Section 8.5.  Test::Builder::Tester

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8.5. Test::Builder::Tester

If you have a particularly perverse mind, you may now be thinking, "So what do the tests for Test::Builder look like?" Well, even more perverse minds have got there first, and Test::Builder has its own test suite creation module, rather predictably called Test::Builder::Tester. (And here it bottoms out, as Test::Builder::Tester contains enough functionality to test itself.)

The basic premise of Test::Builder::Tester is this: you first declare what output you expect to see from your Test::Builder module for a particular test; then you run the test in a controlled manner, producing the output for real; then your actual test compares the expected output with the real output. This may seem a little meta until you see an example, so let's look at one now.

We're writing a test script for our new Test::Fuzzy module; we begin by using Test::Fuzzy and also Test::Builder::Tester to provide the meta-testing functions and to state our test plan.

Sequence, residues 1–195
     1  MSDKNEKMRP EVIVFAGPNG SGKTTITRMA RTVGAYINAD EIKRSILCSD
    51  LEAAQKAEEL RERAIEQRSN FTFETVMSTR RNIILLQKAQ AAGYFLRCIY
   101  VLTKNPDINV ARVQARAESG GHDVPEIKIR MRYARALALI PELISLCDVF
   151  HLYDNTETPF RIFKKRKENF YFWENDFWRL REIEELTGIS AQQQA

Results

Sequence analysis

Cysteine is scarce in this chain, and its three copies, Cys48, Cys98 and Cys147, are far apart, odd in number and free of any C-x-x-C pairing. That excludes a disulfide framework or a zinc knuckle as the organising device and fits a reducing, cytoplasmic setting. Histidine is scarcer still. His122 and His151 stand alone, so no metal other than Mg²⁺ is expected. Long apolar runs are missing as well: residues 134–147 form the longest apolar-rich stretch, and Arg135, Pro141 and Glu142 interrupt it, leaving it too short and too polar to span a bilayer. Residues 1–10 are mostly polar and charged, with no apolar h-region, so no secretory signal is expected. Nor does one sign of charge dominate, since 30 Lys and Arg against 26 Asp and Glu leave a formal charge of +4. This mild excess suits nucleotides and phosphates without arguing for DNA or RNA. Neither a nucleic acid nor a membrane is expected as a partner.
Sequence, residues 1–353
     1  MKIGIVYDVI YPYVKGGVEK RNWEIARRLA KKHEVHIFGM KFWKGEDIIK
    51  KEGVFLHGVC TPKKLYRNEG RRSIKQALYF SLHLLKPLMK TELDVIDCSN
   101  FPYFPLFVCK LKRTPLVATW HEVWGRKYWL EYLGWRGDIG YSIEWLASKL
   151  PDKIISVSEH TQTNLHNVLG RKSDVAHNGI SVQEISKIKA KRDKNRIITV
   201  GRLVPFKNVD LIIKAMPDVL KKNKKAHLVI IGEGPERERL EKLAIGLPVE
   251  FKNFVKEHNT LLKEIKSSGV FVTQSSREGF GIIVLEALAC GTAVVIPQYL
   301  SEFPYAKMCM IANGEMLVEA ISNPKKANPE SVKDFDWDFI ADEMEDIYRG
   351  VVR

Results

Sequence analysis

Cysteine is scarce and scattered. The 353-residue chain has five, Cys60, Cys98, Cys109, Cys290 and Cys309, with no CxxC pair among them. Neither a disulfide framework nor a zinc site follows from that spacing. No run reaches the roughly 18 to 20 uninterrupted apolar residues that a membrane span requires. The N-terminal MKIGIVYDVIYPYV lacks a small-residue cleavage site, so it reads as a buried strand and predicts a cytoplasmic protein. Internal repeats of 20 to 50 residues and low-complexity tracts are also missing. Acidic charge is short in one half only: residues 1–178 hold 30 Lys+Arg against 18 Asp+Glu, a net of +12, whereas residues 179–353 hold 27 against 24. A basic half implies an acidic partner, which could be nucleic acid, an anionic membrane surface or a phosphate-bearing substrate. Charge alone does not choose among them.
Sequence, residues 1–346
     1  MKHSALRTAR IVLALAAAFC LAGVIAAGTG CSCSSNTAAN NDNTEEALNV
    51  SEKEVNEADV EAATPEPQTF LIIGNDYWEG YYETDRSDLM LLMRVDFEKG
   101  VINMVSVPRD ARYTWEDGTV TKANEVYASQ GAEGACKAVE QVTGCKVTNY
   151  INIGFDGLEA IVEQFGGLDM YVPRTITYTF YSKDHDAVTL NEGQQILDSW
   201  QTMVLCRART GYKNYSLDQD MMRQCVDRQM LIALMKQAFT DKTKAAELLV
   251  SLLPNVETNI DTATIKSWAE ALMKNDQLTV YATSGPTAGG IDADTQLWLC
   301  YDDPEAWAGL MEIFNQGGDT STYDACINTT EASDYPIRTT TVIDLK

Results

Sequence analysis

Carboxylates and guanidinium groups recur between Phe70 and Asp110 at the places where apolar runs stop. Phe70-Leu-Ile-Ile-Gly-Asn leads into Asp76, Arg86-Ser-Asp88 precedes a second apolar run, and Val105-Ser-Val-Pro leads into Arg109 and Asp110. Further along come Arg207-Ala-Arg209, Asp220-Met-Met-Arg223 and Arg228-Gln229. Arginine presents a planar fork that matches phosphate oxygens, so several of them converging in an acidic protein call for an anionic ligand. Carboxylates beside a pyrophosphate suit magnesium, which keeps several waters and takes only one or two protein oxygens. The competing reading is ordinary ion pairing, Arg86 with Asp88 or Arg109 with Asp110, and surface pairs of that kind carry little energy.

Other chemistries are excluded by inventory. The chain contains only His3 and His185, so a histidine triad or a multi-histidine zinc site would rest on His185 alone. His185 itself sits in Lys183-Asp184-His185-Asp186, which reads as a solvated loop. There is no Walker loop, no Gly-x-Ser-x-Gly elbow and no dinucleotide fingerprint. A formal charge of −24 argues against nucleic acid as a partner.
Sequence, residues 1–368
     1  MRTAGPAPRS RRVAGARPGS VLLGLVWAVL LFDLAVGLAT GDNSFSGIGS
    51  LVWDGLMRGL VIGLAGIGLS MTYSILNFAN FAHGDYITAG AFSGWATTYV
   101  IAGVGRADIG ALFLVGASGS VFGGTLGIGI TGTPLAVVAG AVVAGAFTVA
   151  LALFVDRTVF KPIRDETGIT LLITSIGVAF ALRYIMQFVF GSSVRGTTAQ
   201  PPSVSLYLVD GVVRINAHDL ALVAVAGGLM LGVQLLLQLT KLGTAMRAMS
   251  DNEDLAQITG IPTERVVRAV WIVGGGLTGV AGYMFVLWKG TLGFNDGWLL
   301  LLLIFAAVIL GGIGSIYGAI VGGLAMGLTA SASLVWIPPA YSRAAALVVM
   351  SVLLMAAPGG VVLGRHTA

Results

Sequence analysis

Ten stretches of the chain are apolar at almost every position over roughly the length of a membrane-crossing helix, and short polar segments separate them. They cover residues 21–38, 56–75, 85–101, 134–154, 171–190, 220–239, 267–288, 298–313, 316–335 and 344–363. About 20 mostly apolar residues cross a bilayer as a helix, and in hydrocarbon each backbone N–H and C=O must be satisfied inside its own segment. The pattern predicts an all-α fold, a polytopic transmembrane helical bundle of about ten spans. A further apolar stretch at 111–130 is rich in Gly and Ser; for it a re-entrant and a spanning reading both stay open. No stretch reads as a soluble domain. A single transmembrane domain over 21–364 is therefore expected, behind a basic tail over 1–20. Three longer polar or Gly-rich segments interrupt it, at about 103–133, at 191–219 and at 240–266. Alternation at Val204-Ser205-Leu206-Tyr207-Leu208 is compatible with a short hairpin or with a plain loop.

use Test::Fuzzy;
    use Test::Builder::Tester tests => 1;

We're going to run two tests that should pass, so we declare that we expect to see two successful results:

    test_out("ok 1");
    test_out("ok 2");

This tells Test::Builder::Tester what to expect on its standard output.

Now we actually run the two tests that should pass:

    is_fuzzy("motches", "matches");
    is_fuzzy("fuzy",    "fuzzy");

All being well, this should output:

    ok 1
    ok 2

since they do match approximately. But in this case, the actual output is not written to the screen but stashed away by Test::Builder::Tester so that it can be compared against our predictions.

The final stage is to see whether or not the test output that's been stashed away really did meet our prediction:

    test_test("Two trivial tests passed OK");

If it did indeed output the right thing, then Test::Builder::Tester finally does output something to the screen, like so:

    ok 1 - Two trivial tests passed OK

There are extensions to Test::Builder::Tester, such as Test::Builder::Tester::Color, which allows it to disambiguate between, for instance, expected and unexpected failures by means of color-coding, but if you're going that deeply into metatesting, you'd probably be best learning the ropes for yourself.

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